Defensive back Charles Woodson echoed the sentiments of Oakland Raiders players and fans Wednesday when he cheered the demise of the infamous Tuck Rule.
However, it was Washington Redskins general manager Bruce Allen, a former Oakland general manager, who made a symbolic gesture during the voting in Phoenix that represented the late Al Davis, the longtime renegade owner of the Raiders who died in 2011.
When the vote was taken, Allen abstained. He admitted it was not coincidence that he used the same voting ploy so often utilized by Davis on issues that displeased him.
"Respect," Allen told The Sports Xchange.
Despite that gesture, and another abstention by New England Patriots owner Bob Kraft, who was trying to preserve the integrity of one of his team's historic moments, the flawed rule was rescinded by a 29-1 vote.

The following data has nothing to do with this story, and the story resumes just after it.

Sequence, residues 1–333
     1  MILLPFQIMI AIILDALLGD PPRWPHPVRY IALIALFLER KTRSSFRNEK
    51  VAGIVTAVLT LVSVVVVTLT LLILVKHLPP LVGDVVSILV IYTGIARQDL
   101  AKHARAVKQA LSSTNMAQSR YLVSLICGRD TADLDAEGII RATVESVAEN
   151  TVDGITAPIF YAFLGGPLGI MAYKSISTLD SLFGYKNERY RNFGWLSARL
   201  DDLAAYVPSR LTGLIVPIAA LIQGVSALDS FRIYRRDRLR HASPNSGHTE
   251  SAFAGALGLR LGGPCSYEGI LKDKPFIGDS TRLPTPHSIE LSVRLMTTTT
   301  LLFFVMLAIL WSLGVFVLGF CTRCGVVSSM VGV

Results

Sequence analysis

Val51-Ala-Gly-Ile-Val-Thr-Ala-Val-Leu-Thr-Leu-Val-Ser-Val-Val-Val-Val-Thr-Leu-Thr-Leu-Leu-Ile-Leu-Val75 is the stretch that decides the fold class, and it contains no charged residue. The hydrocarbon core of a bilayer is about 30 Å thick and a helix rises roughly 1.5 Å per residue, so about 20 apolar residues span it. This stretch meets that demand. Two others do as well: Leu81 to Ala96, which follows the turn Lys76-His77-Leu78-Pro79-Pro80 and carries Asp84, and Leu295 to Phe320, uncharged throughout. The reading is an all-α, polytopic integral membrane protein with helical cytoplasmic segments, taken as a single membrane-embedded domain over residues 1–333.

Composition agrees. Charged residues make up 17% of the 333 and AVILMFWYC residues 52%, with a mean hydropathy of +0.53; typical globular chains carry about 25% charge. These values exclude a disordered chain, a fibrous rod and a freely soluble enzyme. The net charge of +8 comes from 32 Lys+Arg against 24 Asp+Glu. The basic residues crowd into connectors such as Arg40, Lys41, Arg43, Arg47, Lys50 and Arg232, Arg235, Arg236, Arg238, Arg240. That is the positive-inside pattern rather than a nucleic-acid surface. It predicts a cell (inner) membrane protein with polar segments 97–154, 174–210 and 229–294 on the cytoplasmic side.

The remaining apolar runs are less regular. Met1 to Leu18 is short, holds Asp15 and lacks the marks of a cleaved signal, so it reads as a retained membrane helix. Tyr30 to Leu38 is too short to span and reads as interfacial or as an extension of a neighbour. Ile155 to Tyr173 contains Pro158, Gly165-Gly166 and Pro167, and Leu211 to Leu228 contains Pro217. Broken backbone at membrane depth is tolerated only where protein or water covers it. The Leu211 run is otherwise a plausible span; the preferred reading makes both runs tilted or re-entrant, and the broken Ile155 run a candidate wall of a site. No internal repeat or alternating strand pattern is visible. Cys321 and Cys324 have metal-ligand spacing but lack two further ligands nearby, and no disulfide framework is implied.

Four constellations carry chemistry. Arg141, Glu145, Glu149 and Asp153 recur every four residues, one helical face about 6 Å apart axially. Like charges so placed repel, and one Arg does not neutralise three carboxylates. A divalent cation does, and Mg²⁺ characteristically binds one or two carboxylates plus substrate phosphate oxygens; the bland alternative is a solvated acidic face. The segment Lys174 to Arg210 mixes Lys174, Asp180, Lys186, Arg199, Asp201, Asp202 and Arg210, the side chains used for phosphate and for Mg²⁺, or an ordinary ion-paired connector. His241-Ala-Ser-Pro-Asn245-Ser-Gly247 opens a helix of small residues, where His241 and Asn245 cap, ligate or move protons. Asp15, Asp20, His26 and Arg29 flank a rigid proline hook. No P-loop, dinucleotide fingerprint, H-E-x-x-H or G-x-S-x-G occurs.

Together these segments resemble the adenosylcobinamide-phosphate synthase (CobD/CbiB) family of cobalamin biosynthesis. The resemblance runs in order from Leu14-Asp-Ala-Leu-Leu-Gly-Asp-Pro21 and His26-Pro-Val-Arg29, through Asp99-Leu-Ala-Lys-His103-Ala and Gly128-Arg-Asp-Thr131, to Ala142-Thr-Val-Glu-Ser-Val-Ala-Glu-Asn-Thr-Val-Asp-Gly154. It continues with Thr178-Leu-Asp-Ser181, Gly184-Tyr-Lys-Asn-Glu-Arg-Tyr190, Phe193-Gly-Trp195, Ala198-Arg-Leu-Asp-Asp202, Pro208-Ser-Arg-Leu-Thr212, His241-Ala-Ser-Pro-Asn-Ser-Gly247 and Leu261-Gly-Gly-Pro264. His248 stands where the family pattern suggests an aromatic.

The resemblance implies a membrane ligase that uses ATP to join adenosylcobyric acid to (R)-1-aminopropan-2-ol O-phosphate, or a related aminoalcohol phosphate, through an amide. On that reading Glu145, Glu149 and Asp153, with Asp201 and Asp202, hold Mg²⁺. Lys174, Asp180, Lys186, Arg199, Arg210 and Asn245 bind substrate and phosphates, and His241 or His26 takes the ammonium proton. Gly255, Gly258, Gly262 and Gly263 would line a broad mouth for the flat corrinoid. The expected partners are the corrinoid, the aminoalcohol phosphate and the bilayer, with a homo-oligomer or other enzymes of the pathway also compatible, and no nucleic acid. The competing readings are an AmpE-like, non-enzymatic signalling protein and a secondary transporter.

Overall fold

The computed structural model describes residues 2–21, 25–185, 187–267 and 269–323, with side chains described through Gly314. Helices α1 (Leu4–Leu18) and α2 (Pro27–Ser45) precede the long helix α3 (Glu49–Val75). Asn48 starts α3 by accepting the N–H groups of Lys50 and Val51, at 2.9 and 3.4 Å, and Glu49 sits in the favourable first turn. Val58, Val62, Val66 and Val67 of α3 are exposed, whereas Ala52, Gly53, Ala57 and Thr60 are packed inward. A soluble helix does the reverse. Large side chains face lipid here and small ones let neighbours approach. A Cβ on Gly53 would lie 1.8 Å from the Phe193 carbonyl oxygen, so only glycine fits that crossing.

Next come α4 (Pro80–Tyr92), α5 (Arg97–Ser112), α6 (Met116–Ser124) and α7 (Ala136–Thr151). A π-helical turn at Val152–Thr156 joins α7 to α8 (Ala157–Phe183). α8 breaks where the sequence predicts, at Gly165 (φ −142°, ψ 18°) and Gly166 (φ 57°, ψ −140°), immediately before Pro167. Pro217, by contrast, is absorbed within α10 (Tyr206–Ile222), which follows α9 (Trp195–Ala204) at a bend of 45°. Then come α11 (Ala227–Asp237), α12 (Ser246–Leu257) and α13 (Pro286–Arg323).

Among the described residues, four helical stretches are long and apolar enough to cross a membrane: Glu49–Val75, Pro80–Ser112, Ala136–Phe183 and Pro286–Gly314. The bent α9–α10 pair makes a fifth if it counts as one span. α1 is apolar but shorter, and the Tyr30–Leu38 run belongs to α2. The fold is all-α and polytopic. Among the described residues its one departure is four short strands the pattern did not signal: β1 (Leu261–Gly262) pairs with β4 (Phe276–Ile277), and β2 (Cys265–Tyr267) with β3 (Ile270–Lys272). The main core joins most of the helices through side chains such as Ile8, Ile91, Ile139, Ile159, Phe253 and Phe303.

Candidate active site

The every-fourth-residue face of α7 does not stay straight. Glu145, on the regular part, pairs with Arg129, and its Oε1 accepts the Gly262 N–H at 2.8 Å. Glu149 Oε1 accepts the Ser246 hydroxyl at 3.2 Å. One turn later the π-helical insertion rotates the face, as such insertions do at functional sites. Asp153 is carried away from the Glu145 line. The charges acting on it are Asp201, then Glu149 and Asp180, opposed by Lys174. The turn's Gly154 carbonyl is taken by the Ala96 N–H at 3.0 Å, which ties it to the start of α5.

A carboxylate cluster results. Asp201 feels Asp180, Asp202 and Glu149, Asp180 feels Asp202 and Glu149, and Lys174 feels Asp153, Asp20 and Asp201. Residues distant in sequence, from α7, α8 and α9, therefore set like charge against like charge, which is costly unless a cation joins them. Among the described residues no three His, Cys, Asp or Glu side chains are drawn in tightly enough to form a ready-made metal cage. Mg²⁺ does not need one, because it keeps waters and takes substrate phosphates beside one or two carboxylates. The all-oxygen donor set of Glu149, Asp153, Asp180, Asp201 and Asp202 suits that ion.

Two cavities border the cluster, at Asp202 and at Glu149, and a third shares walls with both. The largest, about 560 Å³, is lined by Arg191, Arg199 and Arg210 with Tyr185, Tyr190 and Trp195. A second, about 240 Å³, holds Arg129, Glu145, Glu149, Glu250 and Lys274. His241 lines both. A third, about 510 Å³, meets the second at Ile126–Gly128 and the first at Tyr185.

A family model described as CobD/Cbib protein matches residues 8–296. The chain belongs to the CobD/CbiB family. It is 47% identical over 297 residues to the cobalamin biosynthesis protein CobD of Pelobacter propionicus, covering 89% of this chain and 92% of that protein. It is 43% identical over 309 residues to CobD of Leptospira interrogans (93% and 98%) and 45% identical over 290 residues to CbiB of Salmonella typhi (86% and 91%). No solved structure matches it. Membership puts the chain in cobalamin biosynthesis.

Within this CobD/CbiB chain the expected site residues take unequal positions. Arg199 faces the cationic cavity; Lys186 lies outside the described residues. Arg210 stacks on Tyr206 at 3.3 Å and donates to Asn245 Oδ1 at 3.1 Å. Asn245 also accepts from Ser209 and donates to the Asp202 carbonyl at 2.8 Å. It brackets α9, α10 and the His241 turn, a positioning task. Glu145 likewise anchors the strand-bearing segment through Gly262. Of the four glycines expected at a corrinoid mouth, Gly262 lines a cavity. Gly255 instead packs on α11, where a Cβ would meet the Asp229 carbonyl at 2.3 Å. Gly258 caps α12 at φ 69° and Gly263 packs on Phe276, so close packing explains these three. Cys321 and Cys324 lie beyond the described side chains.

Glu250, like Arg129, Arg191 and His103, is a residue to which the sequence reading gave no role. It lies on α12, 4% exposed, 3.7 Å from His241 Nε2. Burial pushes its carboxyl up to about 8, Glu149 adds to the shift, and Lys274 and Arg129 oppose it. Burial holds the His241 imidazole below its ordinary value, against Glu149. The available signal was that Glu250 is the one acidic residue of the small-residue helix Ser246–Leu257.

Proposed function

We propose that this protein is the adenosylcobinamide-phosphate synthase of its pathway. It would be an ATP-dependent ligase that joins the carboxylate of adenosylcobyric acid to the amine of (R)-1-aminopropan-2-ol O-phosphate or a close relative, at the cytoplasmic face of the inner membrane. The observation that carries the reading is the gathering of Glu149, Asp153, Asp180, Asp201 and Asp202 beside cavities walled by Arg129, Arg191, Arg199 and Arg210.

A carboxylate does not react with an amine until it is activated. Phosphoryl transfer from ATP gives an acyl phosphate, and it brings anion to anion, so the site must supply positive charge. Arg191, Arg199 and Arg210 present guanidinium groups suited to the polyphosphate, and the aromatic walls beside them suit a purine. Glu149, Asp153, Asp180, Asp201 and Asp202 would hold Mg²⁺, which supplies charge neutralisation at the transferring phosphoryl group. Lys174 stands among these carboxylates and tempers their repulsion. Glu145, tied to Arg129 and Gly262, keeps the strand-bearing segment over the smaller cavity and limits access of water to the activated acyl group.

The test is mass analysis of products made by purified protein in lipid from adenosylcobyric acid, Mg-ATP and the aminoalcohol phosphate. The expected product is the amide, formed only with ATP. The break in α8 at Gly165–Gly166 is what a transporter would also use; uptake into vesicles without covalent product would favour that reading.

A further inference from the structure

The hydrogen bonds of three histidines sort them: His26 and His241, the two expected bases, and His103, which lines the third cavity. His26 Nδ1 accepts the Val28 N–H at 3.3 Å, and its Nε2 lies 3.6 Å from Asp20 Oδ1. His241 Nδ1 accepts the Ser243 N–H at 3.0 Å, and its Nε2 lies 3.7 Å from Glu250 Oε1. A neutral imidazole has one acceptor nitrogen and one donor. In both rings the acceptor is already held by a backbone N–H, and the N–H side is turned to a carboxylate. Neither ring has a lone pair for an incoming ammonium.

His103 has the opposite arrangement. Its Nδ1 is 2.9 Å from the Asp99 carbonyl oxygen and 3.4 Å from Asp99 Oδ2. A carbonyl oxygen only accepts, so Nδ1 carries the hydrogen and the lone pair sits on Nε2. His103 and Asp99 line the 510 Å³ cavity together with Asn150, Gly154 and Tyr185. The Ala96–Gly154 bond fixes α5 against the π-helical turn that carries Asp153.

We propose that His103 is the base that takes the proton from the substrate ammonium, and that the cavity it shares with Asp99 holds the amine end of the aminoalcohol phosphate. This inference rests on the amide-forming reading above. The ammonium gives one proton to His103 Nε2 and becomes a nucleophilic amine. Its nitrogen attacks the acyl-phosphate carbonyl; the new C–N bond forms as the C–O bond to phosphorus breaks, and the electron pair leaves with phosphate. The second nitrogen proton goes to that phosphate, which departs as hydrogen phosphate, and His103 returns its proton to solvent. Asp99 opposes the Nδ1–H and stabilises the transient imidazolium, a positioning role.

"Hallelujah," Woodson said Wednesday in an interview on NFL Network. "It shouldn't have taken this long. It's been 11 years I guess now. It's about time that they turned it over. It was really just a badly explained rule from the jump, and it didn't make a whole lot of sense the way the rule was interpreted.
"So I think the best thing was for them to just throw it out."
And that is exactly what the NFL did Wednesday when league executives agreed with a proposal by the competition committee to rescind the infamous rule.
The Tuck Rule burned its presence into the NFL Hall of Infamy on Jan. 9, 2002, in the closing moments of the fourth quarter during a playoff game at snowy Foxboro Stadium. The Patriots were trailing the Raiders by three points when quarterback Tom Brady dropped back to pass. After he began a passing motion, Brady pulled the ball back into his body, where it appeared to touch his left hand.
Woodson rushed off the defensive left side and knocked the ball out of Brady's hand. Raiders middle linebacker Greg Biekert fell on the loose ball, and the officials initially called the play a fumble and a recovery by Oakland.